Have I got news for you
In 2011, British tabloid journalist Richard Peppiatt resigned from the Daily Star newspaper in very public fashion (read it here). In an open letter to his boss Richard Desmond, the disillusioned hack accused the Star of “hate-mongering”, said the paper had an anti-Muslim agenda and told Mr Desmond there was a “cascade of shit pirouetting from your penthouse”. Not happy then – and, as celebrities, politicians and ordinary people unlucky enough to be in the news know, a tabloid journalist is a dangerous enemy.
His documentary film One Rogue Reporter, follows Peppiatt as he gives Fleet Street editors the “tabloid treatment” – and boy does he dish it out. From trying to improve the sex life of Daily Mail editor Paul Dacre to an extraordinary interview with ex-Sun boss Kelvin MacKenzie, it’s as funny as it is uncomfortable. If you struggle with cringe comedy like Borat or The Inbetweeners you might have to cover your eyes – but if you keep watching you’ll get to see the penis of former News of the World chief reporter Neville Thurlbeck. What a treat!
Keen to present the sometimes dry topic matter of press regulation in an entertaining way, One Rogue Reporter lives and dies on the engaging central character. In this case Peppiatt himself is engaging, likable, bold and a bit scruffy. Exactly what a stereotypical journalist should be. With linking segues that are reminiscent of TV shows like Spaced and The Green Wing, he cleverly presents the facts of the fallout of the News of the World inquiry in a light entertainment manner. Exactly what a tabloid journalist should do.
There are lots of laughs, notably the highlights of Peppiatt’s Daily Star career which include a Santa costume, a burka and transvestitism. But crucially the film deals with a serious question – how should the press be regulated? For this it calls on journalists, high-profile campaigners like Hugh Grant, Steve Coogan, AC Grayling and a host of others. It also takes clips from the Leveson Inquiry into the press, including some almost unbelievable comments from tabloid editors.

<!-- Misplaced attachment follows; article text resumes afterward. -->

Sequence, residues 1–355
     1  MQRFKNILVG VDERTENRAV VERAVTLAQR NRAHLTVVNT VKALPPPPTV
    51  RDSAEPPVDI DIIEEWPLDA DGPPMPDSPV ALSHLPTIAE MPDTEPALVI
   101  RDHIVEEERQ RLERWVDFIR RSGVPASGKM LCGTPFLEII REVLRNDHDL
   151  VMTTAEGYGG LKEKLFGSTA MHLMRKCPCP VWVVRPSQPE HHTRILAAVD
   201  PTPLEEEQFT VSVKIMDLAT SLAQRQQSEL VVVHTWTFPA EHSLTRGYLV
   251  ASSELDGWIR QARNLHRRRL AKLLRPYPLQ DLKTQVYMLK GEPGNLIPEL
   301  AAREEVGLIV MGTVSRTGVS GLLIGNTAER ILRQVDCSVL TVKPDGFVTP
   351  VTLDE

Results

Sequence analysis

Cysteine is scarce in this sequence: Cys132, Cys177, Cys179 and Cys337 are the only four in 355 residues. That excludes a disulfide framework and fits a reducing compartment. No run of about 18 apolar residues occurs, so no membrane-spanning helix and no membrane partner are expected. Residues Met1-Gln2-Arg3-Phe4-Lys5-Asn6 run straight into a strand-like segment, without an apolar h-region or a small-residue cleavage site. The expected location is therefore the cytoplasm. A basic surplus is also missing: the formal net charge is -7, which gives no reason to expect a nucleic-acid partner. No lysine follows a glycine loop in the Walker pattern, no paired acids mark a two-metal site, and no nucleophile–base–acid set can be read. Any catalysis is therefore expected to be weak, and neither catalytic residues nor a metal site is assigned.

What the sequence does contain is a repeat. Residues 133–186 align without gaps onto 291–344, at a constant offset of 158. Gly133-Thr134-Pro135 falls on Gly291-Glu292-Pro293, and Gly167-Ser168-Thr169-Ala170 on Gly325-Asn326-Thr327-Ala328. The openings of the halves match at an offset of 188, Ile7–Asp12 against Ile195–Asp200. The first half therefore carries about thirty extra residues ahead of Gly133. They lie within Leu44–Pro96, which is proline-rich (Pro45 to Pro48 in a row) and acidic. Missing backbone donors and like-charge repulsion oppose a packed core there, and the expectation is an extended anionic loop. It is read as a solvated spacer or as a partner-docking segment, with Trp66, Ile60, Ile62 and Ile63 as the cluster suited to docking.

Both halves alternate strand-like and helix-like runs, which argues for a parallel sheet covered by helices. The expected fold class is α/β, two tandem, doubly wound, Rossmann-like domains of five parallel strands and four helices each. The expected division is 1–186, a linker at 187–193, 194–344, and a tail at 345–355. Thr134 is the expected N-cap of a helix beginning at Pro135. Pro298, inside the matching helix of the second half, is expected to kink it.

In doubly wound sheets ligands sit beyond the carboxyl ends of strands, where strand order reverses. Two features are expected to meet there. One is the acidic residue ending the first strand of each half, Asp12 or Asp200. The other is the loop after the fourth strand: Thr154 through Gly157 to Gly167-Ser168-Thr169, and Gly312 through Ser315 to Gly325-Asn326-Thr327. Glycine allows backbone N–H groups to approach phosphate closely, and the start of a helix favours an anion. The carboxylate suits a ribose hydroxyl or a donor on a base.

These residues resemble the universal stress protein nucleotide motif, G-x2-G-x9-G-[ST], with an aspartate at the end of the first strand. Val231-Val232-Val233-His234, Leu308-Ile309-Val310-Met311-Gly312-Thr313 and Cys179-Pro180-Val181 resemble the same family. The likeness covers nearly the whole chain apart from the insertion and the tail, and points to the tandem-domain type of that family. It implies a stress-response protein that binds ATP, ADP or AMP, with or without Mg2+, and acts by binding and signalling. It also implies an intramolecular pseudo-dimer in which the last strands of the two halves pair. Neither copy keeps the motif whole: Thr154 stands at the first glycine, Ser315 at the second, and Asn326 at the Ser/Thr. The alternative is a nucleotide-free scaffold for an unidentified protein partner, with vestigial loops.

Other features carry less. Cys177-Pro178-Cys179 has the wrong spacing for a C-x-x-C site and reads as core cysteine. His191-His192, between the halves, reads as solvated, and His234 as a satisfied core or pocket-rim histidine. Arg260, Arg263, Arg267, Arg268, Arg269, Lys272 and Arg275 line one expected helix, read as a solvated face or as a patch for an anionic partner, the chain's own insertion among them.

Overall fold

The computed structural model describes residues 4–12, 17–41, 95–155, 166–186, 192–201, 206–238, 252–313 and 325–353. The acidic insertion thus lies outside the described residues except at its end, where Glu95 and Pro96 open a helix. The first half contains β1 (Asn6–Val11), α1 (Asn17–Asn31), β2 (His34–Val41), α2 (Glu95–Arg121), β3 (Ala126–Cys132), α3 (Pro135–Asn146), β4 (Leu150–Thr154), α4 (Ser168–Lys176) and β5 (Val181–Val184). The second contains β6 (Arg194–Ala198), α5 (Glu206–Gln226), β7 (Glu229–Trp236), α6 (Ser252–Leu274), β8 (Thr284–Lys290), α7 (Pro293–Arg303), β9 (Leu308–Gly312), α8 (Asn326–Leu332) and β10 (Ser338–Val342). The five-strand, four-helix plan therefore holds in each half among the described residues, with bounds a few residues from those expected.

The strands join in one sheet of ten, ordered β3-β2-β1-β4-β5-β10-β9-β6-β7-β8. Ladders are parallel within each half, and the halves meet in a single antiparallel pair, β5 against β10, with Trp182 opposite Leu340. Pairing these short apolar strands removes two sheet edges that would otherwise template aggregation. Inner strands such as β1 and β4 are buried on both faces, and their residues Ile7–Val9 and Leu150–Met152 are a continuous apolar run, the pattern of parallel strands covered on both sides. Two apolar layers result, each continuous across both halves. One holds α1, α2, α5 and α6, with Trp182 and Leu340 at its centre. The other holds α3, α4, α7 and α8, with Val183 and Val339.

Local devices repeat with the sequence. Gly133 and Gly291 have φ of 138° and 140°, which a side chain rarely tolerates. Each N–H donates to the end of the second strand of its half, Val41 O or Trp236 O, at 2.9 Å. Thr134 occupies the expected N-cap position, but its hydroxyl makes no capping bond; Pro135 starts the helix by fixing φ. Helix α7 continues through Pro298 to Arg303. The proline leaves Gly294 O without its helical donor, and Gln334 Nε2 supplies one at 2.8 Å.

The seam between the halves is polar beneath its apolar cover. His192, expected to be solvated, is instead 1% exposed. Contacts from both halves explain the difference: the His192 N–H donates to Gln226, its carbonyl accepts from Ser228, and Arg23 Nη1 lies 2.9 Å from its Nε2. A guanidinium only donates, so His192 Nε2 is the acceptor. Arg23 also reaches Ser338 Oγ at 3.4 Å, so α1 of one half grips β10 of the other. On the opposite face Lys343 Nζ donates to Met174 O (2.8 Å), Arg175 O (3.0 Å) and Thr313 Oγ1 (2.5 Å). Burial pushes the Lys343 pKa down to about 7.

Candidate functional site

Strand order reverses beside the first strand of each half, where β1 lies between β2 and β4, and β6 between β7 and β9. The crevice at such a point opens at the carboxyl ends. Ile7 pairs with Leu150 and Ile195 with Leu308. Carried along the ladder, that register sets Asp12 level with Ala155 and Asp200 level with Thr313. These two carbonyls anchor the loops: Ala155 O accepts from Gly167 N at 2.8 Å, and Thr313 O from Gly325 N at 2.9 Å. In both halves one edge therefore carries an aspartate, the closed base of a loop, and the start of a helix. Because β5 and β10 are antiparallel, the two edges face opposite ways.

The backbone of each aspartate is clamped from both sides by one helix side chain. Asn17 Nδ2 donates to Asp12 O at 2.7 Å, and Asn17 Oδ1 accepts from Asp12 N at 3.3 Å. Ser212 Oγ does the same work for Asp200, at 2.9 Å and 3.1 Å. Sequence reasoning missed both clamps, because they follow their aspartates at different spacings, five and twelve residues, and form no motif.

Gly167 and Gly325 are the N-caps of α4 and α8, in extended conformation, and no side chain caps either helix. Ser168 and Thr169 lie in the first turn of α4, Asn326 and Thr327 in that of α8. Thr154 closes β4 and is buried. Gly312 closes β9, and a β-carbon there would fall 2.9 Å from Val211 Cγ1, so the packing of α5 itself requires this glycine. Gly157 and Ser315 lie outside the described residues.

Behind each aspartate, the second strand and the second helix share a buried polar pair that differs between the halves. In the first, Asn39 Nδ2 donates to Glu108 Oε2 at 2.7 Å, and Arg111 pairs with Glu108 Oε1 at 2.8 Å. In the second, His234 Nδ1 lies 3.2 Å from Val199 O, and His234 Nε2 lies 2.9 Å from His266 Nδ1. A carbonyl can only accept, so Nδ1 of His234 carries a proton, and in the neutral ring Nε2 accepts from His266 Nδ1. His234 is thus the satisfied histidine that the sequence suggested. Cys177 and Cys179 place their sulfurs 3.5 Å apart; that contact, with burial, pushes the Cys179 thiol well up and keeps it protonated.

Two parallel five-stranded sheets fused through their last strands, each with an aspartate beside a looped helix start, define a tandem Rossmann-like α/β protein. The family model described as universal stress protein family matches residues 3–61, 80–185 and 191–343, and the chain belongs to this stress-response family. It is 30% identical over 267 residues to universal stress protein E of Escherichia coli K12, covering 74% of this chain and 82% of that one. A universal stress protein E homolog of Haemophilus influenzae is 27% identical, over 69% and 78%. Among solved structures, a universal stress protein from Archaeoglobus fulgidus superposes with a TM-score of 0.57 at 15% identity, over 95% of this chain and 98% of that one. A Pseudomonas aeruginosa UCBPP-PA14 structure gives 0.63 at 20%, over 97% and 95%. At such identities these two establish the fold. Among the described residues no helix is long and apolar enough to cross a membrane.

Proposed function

What is truly fascinating is the misreporting of the results of the Leveson Inquiry by the big tabloid newspapers. As always with the villain of a piece, they hide their agenda within the argument for freedom and public interest and rather than ˜finding a story’ they go get the story they want.
Most notable of the reviews so far is The Times, who referred to it as ˜jejune’ as in lacking in substance. It’s an understandable comment when you see a dildo standing on the doorstep of the editor of The Daily Mail, but it is also missing the point. A more serious or ˜worthy’ documentary wouldn’t flirt with controversy in this manner, but One Rogue Reporter is trying to reach out to a wider market than people who already agree with its point of view. It’s going after the millions of people that buy tabloids in hopes that by engaging them in the same way as their papers do, it might convince a few more people to stop the cycle of fear-mongering and sensationalism. Only time will tell if it succeeds.
There are other faults, noticeably needing both more content and a brutal edit (appropriately enough) and a little more time on the Leveson Inquiry would project it into the territory of more mainstream documentaries. As it is though, the subject matter and the presentation keep you enthralled from beginning to end.